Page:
Not only was Talbot’s invention relatively facile, but it made no difference how complex the subject might be. Everything--a simple silhouette, a complex pattern of intertwining branches, a loved-one's face--could be captured with absolute fidelity and with perfect perspective. One could include as much or as little as one wished in the picture's frame and the indefatigable camera would record all. The photographer had only to select a subject for a whole range of metaphor, emotion, and remembrance to be laid at one's feet.

The photographic drawing differed in another significant way from its predecessors. It was linked physically to its subject. As John Berger and others have pointed out, the photograph contains a physical trace of the objects it describes. To a great extent a photograph looks the way it does because it is an actual impression of the objects in front of the lens, a picture determined by its subject, rather than by the rendering skill of the artist. This distinction takes the problem of referring to appearances into an entirely new realm, a realm with its own assets and liabilities. It is precisely this dumb precision, this impartiality of description that liberates the photographer from the task of rendering, that also presents the gravest challenge. For without the human hand and mind operating to interpret the world through the visual language of drawing, how can the photographer turn verisimilitude into art? What enables the photographer to appropriate reality, through the photograph, and call it her/his own? What distinguishes one photographic vision from another? Is it merely a game of unexpected vantage points, or exotic subject matter?

The answer to these questions begins with the acceptance of the photograph's essentially fictive nature. A photograph is an illusion, as akin to fiction as to fact. The camera always lies. But it also tells the truth in a way that is so concrete and so immutable that it provides a unique way for an artist to react directly to the experience of seeing. It lies because our initial impulse is to believe that we are viewing a literal rendition of reality. As Garry Winogrand put it, "A photograph is the illusion of a literal description of how a camera saw a piece of time and space." A photograph is small, flat, and, perhaps most important, non-temporal. The world it describes is large, spatial, and situated helplessly in the continuous flow of time. A photograph is disembodied and without mass. The real objects of the real world may be light or heavy, but no one ever stubbed his toe on a photograph.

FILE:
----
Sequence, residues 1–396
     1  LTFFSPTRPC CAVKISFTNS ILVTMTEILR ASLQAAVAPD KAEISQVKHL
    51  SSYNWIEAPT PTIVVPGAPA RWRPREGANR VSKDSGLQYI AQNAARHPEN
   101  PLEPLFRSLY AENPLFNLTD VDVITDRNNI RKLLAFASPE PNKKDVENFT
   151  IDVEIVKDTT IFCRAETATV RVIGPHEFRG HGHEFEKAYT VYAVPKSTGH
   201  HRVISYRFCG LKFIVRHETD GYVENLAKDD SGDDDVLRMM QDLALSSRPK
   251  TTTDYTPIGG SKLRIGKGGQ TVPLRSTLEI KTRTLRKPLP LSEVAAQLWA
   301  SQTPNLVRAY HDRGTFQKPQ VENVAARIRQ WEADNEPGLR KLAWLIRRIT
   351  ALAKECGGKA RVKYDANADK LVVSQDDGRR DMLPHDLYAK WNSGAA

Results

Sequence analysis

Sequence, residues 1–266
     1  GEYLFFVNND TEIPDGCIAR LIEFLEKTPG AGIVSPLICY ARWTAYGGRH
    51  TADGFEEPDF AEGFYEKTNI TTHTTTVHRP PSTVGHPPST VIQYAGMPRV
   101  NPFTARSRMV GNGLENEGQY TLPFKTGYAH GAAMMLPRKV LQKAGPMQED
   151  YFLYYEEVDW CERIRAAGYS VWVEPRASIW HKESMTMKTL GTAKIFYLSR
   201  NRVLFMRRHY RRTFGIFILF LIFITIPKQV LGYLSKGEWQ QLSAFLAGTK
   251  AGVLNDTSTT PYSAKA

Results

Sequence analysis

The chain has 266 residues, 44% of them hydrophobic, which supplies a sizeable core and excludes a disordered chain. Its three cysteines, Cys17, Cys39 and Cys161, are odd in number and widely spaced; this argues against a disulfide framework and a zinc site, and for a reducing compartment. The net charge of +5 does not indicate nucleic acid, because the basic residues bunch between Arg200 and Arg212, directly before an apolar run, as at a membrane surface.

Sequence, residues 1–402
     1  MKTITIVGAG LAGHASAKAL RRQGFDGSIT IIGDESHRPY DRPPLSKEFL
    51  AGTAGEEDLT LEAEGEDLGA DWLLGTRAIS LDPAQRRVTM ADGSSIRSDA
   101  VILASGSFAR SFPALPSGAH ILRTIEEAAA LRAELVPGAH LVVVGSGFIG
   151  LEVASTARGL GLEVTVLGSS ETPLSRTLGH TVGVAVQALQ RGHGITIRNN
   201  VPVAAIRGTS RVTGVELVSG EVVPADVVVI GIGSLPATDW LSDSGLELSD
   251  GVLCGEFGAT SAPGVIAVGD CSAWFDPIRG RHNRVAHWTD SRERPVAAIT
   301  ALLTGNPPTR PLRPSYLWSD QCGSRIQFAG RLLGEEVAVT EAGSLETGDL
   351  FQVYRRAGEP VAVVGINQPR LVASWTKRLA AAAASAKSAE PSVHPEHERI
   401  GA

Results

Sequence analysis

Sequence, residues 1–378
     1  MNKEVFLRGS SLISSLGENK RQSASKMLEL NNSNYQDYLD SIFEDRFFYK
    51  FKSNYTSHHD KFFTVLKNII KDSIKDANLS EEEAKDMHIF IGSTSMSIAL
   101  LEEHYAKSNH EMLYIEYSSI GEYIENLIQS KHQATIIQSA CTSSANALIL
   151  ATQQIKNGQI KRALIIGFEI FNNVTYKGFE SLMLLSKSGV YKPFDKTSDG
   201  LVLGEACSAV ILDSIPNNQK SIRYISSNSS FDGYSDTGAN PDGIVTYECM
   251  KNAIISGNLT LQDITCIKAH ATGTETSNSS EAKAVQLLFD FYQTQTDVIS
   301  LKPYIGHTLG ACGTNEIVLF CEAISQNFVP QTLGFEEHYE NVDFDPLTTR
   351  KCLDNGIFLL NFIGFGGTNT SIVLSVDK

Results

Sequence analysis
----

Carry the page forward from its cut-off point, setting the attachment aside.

Compared with the other plastic arts, photography is singular in its intractability. In essence, there are two principal ways by which the photographer can exert plastic control over the image. It boils down to (1) where you put the camera, and (2) when you press the shutter. Certainly, the photographer has a few other options in his/her bag of tricks. These might range from darkroom manipulation, to control of lighting, to choices regarding focus, to actually fabricating objects in order to photograph them. Most photographers evolve a complex scheme involving equipment and materials in order to make the type of picture they want to see. But due to photography's inherent nature, it's nearly impossible to get away from those cohabitants-- lens and sensitized surface. Every time a photographer prints a particular negative the results can be either subtly different or an entirely new interpretation. But the skeleton remains. Whether it comes from Sears or Stradivarius, it's still a fiddle. The essential "truth" of a photograph cannot be denied. As the photographer Harry Callahan once wrote, "It's the subject matter that counts. I'm interested in revealing the subject in a new way to intensify it." This is the essence, the alchemy of photography.

When the photograph describes the base material of the world in a way that transcends the habitual, so that the viewer finds revealed something that was previously obscure or unknown, then something of value is created, something that enlarges our understanding of the world. It's important to note that the viewer plays a role in this chemurgical transformation. I can think of many unforgettable photographs whose meanings are independent of any intention on the part of the photographer. There are astonishing photographs taken by carrier pigeons, unmanned landing modules, and, I am sure, bank surveillance installations. Photography is particularly suited to capitalize on the chance event.